Friday, July 8, 2022

Being prepared

Was the drought of 1964-65 worse than the 1972-73 one? This type of comparison goes on during every drought, and only goes to demonstrate that droughts are not unusual. My head shepherd has her origins in the dust and dirt of the South Australian dry land, where dry summers, if not years, are common place. She is forever surprised by how unprepared we are for droughts – possibly a commonly held view of many people outside farming as well.

That Australian situation is quite different from ours and it always terrified me that the in-laws might want us to farm it. An average annual rainfall of 30cm does necessitate a flexible stocking policy – and bank balance. It does not change the reality that planning for the management of droughts should be the norm in New Zealand.

The stress that droughts bring is probably the biggest challenge because of its impact on decision-making.

From the outside the actions that need to be taken are often quite clear, but at the coal face it is murky. So maybe the way that my father-in-law coped was to be always in a drought readiness state of mind, and taking protective actions early. That is easier when droughts are the norm. Are we in that state?

We still farm on the basis that the summers will be dry, but having plans in place to respond to the abnormal is surely a good idea. The few that have done that this summer are now in a much better state. For a couple of those at least, the trigger to initiate action was soil moisture data. It proved to be a reliable indicator of what was ahead. We probably need more background information to validate that measure as a predictor, but if it is highly correlated to what is ahead then we can create plans to set rolling when needed – and early.

My South Australian experience was notable also because the animal health inputs were so prescriptive, but decision-based. So, for example, if it was really dry there was no drenching. Two weeks after rain, sheep were drenched. Foot rot and fly strike prevention was triggered by the rain. For many North Island farms this summer there has been little need to drench. Most of the focus has gone on what to do after it rained. The Haemonchus threat has loomed large, but now that rain has occurred this seems to have been possibly misguided.

A sheep farmer asked me several weeks or more after the rain if he should drench his whole flock with a Haemonchus specific product. That is, one that has persistence against this worm. I asked how his ewes were looking and behaving and what feed they were on. Requesting some faecal samples for worm egg counting may have been appropriate but I knew that was not going to happen. On the basis of knowing the farmer, the farm, and his replies I told him I did not think his stock needed to be drenched. To which he replied that a visiting farmer had told him that since he had been giving his ewes a moxidectin drench before mating each year his pregnancy scanning had gone up. So maybe he should be doing it anyway. I did fleetingly think that I had missed the advertising that said the moxidectin had an Androvax effect, because given some of the other advertising around this product that we have had over the years it would not have been surprising.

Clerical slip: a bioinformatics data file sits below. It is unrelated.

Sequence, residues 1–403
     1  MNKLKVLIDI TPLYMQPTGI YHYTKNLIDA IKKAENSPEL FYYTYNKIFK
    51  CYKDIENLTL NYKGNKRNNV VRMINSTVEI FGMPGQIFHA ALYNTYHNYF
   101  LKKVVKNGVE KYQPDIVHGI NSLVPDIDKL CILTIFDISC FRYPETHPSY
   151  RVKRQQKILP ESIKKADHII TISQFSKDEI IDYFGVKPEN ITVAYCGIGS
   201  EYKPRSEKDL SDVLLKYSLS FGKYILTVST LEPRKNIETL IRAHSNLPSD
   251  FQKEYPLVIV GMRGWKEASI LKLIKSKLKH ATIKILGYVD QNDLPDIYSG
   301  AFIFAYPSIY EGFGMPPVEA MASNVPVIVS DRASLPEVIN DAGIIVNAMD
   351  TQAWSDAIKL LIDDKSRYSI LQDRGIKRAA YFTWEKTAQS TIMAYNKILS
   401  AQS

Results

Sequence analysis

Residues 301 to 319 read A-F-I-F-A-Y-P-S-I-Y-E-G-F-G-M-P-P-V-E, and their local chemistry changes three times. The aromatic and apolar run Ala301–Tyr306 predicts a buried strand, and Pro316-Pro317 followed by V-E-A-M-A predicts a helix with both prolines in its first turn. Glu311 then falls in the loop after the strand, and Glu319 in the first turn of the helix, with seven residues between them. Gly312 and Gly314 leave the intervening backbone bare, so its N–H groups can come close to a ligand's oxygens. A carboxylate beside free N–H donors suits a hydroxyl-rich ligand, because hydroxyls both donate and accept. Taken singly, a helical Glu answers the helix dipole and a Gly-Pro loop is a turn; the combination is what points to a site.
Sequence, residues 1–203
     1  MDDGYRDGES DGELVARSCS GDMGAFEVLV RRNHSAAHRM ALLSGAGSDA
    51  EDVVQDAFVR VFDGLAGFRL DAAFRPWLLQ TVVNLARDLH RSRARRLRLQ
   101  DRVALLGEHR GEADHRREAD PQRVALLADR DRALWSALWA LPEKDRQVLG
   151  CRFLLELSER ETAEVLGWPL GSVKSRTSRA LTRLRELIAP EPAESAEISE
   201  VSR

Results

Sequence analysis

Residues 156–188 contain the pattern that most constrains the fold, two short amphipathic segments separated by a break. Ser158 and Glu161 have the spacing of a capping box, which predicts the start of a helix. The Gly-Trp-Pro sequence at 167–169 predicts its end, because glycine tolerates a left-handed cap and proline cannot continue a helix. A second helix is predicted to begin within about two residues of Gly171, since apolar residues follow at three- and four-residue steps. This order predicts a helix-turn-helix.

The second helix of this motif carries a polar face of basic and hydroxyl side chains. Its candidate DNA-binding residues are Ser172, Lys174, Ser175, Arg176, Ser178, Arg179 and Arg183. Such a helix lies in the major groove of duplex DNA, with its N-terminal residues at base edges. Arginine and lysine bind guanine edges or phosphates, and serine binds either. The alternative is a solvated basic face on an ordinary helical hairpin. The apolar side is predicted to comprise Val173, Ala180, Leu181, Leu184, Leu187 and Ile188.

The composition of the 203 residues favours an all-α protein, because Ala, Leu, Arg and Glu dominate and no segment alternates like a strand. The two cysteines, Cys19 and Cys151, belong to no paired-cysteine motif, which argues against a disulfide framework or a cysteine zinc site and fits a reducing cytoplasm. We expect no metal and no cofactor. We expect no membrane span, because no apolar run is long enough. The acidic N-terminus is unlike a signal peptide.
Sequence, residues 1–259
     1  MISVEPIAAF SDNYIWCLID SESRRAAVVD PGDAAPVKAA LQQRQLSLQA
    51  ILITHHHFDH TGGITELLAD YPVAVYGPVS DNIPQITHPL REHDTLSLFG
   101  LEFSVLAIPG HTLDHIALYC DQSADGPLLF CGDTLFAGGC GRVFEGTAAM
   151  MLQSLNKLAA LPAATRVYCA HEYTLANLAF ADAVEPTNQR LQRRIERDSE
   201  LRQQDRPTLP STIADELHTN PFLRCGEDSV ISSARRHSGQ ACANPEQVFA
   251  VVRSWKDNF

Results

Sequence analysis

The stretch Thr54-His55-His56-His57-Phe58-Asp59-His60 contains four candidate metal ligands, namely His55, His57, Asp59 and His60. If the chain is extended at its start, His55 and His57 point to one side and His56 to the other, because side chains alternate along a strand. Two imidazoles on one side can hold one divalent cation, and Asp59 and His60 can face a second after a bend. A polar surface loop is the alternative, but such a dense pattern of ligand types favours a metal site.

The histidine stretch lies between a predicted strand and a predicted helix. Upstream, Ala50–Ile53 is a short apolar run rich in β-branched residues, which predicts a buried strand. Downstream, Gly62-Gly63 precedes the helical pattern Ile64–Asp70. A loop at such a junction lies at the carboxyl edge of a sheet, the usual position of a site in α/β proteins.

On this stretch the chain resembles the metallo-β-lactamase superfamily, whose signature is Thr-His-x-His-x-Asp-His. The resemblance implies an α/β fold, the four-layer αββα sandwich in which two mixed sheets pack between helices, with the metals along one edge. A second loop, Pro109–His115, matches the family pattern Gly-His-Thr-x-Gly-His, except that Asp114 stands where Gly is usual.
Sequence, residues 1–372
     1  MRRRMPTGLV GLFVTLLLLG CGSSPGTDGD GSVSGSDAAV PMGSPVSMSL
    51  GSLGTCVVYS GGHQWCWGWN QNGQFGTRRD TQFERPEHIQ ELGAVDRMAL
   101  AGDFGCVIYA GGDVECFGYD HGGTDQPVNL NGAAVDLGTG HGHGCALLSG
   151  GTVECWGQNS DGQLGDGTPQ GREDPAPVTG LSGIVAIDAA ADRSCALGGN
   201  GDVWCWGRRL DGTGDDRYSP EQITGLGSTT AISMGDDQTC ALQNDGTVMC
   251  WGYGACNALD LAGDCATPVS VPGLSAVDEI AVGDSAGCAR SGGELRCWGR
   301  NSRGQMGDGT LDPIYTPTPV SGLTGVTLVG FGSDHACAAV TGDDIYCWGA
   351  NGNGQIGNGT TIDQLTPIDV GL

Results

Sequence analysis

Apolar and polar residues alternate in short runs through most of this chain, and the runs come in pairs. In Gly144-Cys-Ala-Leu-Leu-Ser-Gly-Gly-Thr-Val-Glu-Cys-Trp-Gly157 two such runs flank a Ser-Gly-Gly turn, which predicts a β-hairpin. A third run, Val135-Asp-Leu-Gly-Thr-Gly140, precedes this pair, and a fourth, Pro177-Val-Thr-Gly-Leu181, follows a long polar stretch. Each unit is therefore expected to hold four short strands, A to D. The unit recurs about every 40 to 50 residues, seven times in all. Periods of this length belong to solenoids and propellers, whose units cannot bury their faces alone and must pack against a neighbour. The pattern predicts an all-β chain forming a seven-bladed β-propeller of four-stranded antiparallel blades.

I suggested to my client that his visitor had some major problems if that was truly a cause and effect outcome. It did not change my advice and he did mutter as he left the building that I had just saved him $1000. The shop over the road had told him that it was wise for him to drench all of his ewes, so maybe his sustainability conscience pricked him or his cash-flow shortfall was burning in his pocket, enough to get another opinion.

From my perspective, and one that makes me sweat at times, was this advice or an opinion? Is there a difference and how accountable am I for that message? I certainly do not take such conversations lightly and often will make contact later to talk through the conversation more. In this case the retailer across the road will never be held to account – a drench sale and Haemonchus covered will never be questioned.

The biggest challenge ahead remains the same as that of last month – not enough feed taken into the winter. The disease consequences of not having feed in the winter, and therefore in the spring, are fairly predictable. Light condition ewes on not enough feed coming into lambing has a known outcome. The same goes for cows.

For both, the susceptibility to worms just escalates – pregnancy, underfeeding and worms are a bad combination. Diagnosing this outcome is difficult, but responding to just the situation and known risk is valid. In times of adversity, sustainability considerations and least cost options usually need to take a back seat. 

  • Trevor Cook, veterinarian, Manawatu.
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